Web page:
Be forewarned. This isn’t a politics, firearms, or current events site. It’s dedicated to our mission of providing insightful, scientifically grounded analysis for use and application by professional trainers. If you’re looking at this issue through a political or some other biased lens, you’re probably not going to like what’s written here – regardless of what side of the relevant current events dice you happen to be sitting on.
The intent of this article is to apply our research into brain-based force science and training methodology to the concept of implicit bias. The objective is to understand, given the tools and information available to us, what this term means, whether or not it defines a real, viable concept, and, if so, how it applies to the job of professional trainers.
The term itself can be somewhat controversial. To some people it sounds like blathering social psychobabble, intended to deflect conversation away from the “real” issues. However, our research into brain science as applied to use-of-force and other related training suggests that, regardless of any intent or application in socio-political circles, implicit bias isn’t a joke. Far from it. It’s a real thing, with real operational consequences.
First thing’s first. What is implicit bias?
Let’s break down the phrase. It contains two words, implicit, and bias.
Bias has a number of dictionary definitions. According to Merriam-Webster, they include:
a : bent, tendency
b : an inclination of temperament or outlook; especially : a personal and sometimes unreasoned judgment : prejudice
c : an instance of such prejudice
d (1) : deviation of the expected value of a statistical estimate from the quantity it estimates (2) : systematic error introduced into sampling or testing by selecting or encouraging one outcome or answer over others
Implicit is a reference to an educational psychology based model of memory in which the brain contains three memory systems. They are the explicit memory system, the implicit memory system, and the short-term, or working, memory system.
The implicit / explicit brain model is older than the procedural / declarative model that is currently used by most brain specialists and that we use exclusively in our recent book Building Shooters. There are some nuanced differences between the two models that are, frankly, outside the scope of this discussion. The procedural / declarative model is proving to more accurately match the results of ongoing neuroscience research, and it conforms with the terminologies applied throughout the bulk of our research. Therefore, for our purposes here, we will replace the term “implicit” with its parallel term in the newer model, that is “procedural.”
The basic model of human memory includes a short-term memory system, through which all new input must pass, and two redundant, yet functionally separate long-term memory storage systems. These systems are called procedural and declarative, respectively. Short-term memory can be thought of like a computer’s RAM disc space. It is a small, finite, temporary storage space and it doesn’t permanently store anything. Procedural memory is accessed unconsciously, without thought or intent. Declarative memory requires a conscious act of recall; you must intentionally retrieve the information.
The vast majority of the input human beings receive is filtered out and discarded before it ever reaches short-term memory. Out of the small percentage of input that actually makes it into short-term memory, only a tiny percentage is ever actually retained. Retention requires that the information be transferred into at least one of the long-term memory systems.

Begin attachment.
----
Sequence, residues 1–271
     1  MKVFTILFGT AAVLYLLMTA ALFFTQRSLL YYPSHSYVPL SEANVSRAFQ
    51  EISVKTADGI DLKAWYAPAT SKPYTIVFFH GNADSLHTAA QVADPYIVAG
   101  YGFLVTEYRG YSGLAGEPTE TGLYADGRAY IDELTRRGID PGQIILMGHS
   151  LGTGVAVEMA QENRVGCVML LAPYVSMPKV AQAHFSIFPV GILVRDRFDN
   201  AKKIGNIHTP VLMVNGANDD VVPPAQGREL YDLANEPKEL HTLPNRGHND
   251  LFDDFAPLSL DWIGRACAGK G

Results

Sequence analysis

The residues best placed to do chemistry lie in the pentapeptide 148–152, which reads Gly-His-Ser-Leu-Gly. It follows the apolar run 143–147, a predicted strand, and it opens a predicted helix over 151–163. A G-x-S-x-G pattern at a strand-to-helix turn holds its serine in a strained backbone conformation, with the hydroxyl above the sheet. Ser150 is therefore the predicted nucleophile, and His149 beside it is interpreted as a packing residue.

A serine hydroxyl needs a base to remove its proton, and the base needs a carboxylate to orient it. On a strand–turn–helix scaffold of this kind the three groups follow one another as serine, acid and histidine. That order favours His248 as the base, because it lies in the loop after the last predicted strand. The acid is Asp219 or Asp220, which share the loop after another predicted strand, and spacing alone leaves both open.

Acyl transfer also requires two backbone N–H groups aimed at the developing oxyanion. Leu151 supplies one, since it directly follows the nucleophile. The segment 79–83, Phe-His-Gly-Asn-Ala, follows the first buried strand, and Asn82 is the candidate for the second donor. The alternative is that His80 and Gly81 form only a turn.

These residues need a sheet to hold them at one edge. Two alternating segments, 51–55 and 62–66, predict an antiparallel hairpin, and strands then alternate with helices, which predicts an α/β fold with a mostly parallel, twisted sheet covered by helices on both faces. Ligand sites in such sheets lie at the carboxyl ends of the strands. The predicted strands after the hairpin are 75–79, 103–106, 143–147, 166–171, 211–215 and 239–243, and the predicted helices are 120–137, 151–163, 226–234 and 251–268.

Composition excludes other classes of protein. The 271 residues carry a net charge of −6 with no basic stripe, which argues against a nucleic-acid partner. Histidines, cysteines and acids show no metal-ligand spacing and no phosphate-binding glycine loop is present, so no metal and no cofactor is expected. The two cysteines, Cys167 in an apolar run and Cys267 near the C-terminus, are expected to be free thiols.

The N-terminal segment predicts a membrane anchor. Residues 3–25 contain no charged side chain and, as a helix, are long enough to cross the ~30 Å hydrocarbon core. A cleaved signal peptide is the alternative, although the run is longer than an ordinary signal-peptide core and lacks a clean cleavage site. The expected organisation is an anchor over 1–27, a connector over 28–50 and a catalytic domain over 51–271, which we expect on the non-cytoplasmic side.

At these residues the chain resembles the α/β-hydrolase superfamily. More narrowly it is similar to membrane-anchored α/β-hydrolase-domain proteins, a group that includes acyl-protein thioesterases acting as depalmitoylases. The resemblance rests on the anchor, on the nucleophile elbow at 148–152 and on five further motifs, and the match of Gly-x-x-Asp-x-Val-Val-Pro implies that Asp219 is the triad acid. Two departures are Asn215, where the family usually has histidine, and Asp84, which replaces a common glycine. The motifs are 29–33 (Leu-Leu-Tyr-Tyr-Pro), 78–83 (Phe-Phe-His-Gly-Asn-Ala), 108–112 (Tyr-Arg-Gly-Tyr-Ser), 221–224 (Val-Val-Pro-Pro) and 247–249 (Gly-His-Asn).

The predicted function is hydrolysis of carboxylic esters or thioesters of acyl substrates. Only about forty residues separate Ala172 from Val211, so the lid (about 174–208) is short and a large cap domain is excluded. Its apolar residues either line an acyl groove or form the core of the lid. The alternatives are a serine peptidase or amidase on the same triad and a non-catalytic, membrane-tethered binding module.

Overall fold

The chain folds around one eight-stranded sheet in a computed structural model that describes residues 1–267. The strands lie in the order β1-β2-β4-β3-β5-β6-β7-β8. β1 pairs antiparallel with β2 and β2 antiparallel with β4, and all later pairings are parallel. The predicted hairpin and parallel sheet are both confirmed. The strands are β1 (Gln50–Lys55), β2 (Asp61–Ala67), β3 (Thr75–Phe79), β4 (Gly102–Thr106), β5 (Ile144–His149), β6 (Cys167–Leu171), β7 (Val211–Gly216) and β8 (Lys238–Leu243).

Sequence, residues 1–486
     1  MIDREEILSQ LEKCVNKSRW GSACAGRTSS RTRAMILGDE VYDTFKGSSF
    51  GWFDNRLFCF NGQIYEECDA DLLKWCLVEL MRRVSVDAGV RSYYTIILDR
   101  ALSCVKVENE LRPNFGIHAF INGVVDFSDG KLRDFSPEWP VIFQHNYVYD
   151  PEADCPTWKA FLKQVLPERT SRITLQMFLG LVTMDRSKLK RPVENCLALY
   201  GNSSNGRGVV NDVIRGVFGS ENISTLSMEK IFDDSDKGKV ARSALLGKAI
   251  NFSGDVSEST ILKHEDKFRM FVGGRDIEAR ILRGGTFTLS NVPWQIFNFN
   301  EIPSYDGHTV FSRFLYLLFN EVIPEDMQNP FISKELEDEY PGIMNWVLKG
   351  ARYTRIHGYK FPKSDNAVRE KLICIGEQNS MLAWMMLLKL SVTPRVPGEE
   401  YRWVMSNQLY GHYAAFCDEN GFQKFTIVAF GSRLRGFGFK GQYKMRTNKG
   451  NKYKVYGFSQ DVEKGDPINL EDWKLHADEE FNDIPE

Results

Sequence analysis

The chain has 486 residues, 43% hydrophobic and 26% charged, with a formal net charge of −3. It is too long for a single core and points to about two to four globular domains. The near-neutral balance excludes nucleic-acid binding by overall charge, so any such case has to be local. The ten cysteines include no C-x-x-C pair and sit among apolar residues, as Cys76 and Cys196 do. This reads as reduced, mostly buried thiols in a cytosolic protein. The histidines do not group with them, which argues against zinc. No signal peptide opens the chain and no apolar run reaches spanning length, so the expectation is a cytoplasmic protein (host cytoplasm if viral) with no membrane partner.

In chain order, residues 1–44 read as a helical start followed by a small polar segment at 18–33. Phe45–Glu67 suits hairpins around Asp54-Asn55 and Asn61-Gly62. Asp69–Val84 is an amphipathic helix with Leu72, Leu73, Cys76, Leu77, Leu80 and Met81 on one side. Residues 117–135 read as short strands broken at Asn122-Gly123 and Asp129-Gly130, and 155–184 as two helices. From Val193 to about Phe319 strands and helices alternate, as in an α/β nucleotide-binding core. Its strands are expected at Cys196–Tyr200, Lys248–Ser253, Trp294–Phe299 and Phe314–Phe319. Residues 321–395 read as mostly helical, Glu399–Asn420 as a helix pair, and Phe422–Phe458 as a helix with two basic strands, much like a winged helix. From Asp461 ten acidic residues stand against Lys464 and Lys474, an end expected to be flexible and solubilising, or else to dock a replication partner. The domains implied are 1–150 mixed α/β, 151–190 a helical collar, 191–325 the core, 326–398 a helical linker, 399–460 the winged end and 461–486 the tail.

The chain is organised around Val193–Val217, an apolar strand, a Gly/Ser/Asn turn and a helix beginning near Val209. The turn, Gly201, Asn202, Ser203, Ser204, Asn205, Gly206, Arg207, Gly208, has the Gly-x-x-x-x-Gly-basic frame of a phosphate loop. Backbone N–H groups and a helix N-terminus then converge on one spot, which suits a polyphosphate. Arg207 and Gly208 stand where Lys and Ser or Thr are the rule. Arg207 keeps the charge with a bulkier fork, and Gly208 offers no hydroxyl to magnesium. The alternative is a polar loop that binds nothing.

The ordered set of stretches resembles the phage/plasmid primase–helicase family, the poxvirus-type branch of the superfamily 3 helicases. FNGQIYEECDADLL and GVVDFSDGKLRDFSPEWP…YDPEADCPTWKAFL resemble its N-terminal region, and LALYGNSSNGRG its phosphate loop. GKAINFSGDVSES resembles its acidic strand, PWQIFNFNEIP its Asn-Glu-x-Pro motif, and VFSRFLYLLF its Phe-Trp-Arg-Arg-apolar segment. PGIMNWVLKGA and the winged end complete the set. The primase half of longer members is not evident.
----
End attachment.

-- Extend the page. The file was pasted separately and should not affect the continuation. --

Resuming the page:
When we put these terms together into procedural (implicit) bias, we get an unintentionally, unconsciously accessed tendency, outlook, prejudice, judgment, or statistical deviation – that has been coded into a specific part of the brain – procedural memory.
It is also of note, that procedural memory is the ONLY memory system that can be reliably accessed by the brain during high levels of stress, such as use-of-force situations and other critical incidents. When the stress level goes up, whatever is in procedural memory is what’s going to come out. The content of the other memory systems during critical incidents is largely irrelevant.
Research and Analysis
A significant component of the current socio-political discussion centers around the concept that police officers in particular have a bias (implicit bias) against specific demographics – black men in particular – a bias that leads to disparate treatment, in-turn leading to unjustified use-of-force.
If we ignore the sociology and the politics and focus on the data, the following picture emerges. First, black men – viewed as a demographic – is by far the most dangerous group in the United States. This is an overwhelming statistical fact. For example, the demographic comprises about 6.5% of the population yet is responsible for about half of the homicide. By definition, this is a bias – a statistical deviation from the expected value.
However, this is not, and cannot explain, a procedural bias. If applied to the brain, it would be more accurately described as a declarative (or explicit) bias. In other words, this is a statistically based bias that exists in consciously recalled memory and that must be consciously accessed and applied. Furthermore, this type of bias is unlikely to be accessible to the brain when a decision involving the application of force, especially deadly force, is made in the field. While our research indicates that declarative memories may in-fact influence the formation and development of procedural memories, it is also clear that they are not the same thing.
When we talk about procedural memory development that relates to tactical operations (to include use-of-force decision making) our research identified five distinct types of neural networks that apply. These are: physical motor skills, stimulus recognition and response, contextual recognition and response, associative judgment, and skill/context modification and transfer. Furthermore, we identified a number of factors which contribute to the development of these neural networks specifically within the procedural memory system. These factors include repetition, observation, emotional connection (specifically including fear), stress, and chaos.
When we apply this information to the operational environment of a police officer, the neurological impact of the job itself becomes obvious, especially for officers who work in violent precincts containing a majority population of any single demographic. Rarely are the police called to respond to a birthday party, wedding celebration, graduation, or other happy occasion. People call the police when something is wrong, especially when there’s a violent crime.